Too Early for Halloween?

Dear Liza,

Once Fall has fallen and October comes, ya know what’s next? Halloween!! The grocery stores have had candy and Jack-o-lanterns, skeletons and light- up ghosts on display for two weeks already! The air is cooler and it is getting dark earlier….just right for spooooky decorations.

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Spooooky comes early to Taylor Street

Yesterday, however, started with a more ordinary quest: Printer ink. The closest place that carries it is Office Depot down at MLK Jr. Avenue and Stark, about mile and a half away….so I walked. I passed one of my favorite places, the Lone Fir Cemetery, where crows and squirrels are enjoying the glut of acorns, chestnuts and walnuts. The clever crows even use the headstones to crack open their treats. Thanks, dead people.

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Sweet Chestnuts opened up

Closer to the river were industrial sorts of places, warehouses and art-making shops with delightfully quirky murals, as well as urban breweries and wine makers.

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Murals along Stark Street

After I made the very quick stop at Office Depot and bought the ink, I strolled the aisles of Sheridan Fruit Company, a family business founded in 1916, enjoying the smells and sights. Besides a dizzying variety of bulk goods and exotic sausages, they have a lively deli section which was crowded with people buying lunch to go…which reminded me of how hungry I was. I caught the bus home for lunch.

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Bulk goods at Sheridan Fruit Company

After an afternoon of reading and art, we had something new for dinner! I tried making pulled pork in the slow cooker and it was delicious! It is nice to know I can make Auntie Bridgett something she loves right here at home.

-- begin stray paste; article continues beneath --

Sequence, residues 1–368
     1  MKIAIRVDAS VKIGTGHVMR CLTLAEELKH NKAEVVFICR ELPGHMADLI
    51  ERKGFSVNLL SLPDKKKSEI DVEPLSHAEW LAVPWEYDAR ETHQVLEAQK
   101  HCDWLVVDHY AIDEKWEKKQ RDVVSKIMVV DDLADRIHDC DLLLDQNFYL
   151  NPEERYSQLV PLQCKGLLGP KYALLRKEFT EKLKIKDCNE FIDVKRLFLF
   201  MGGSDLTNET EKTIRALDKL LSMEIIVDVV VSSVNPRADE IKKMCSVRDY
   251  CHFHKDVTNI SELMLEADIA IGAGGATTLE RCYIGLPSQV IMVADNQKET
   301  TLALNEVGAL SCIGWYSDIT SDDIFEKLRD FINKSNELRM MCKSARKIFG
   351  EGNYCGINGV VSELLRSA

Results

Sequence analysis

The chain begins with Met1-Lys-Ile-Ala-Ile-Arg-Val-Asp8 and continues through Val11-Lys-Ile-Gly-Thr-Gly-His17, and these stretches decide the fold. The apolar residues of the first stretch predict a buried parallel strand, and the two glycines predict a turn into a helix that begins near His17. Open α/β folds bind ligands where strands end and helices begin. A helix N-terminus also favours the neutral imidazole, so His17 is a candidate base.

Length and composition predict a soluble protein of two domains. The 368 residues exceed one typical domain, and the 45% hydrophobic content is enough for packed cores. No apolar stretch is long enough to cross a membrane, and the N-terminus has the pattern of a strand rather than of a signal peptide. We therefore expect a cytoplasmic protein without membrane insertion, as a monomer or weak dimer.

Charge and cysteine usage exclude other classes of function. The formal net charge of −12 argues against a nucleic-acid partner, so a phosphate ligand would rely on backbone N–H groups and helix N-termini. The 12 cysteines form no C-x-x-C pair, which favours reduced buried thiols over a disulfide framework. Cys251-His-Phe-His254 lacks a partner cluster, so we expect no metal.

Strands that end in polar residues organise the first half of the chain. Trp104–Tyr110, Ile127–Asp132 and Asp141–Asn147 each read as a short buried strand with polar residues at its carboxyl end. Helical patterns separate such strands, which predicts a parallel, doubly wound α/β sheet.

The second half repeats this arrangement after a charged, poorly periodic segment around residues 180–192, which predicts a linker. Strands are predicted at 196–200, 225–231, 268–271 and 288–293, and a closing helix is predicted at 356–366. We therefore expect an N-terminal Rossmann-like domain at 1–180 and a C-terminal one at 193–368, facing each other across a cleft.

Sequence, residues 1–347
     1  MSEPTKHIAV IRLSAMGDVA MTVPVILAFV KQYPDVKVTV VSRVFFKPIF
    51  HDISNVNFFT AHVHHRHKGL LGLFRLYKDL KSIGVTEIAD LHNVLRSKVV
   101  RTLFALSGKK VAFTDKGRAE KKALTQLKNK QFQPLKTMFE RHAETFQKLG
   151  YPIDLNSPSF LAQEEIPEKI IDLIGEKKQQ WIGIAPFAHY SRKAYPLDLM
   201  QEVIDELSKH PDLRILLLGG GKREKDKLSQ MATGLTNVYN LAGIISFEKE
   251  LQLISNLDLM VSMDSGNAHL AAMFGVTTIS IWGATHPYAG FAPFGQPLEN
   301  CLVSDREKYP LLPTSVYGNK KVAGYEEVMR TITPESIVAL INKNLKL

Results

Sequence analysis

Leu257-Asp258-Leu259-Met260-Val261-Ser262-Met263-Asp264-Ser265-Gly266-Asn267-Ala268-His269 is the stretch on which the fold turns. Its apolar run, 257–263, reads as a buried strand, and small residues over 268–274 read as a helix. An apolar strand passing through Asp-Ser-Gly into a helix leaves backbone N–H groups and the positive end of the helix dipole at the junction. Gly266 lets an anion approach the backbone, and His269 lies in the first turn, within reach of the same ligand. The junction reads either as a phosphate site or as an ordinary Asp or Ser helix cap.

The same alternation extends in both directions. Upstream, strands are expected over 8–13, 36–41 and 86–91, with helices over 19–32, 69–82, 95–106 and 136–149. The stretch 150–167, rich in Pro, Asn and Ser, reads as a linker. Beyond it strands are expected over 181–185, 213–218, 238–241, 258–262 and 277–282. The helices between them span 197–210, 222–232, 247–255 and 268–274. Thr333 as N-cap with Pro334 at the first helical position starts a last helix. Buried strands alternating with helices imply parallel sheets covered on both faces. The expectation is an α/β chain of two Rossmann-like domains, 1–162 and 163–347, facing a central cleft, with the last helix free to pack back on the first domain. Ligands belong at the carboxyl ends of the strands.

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Pulled Pork started!

We walked through the neighborhood and saw the beginnings of Halloween decorations. Big and small, inflated and illuminated, they all make us giggly-happy.

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More decorations

So of course, once we got home, we moved the car, dragged the ladder, and pulled down the boxes of our own Halloween decorations!

Let the spooky silly begin!

Love,

Grandma Judy

Evening Walk in Laurelhurst

Dear Liza,

In case you missed me and my blog over the weekend, I have decided that I will only be posting on weekdays, and taking weekends off. I am feeling like I’m so busy writing about life, I’m not having time to DO life. But for now…

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Firwood Lake reflections

We are at the part of Fall where it can be warm during the day, cool in the evening, but still light enough to walk after dinner. If I am quick to get out and careful, I can take some nice photos.

In the neighborhood around Laurelhurst Park, there are signs of Fall everywhere. Leaves changing, seed pods doing amazing things, squash and pumpkins swelling and getting fat for Halloween, crows scavenging.

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Seed pod magic

Sitting by Firwood Lake, the pond inside the park, I kept seeing reflections and shadows, trying to channel my inner Monet.

Dahlias, one of Auntie Bridgett’s favorite flowers, are still blooming, catching the lower light in their dense petals.IMG_0583.jpg

And, of course, chestnuts! The scary-muppet looking ones that you can eat, and the studded-motorcycle-jacket ones that you can’t are both falling like rocks from trees all over the neighborhood. Keep your hats on!

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CAN eat…sweet chestnut!

And, as Edith Ann used to say, that’s all I have to say about that.

Love,

Grandma Judy

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CAN’T eat…horse chestnut!

Believe it or not…

Dear Liza,

I know it has been, and still is hot here, but fall is definitely on the way. This morning there is a slight chill in the air. Some leaves are starting to turn. Kids are shopping for school clothes.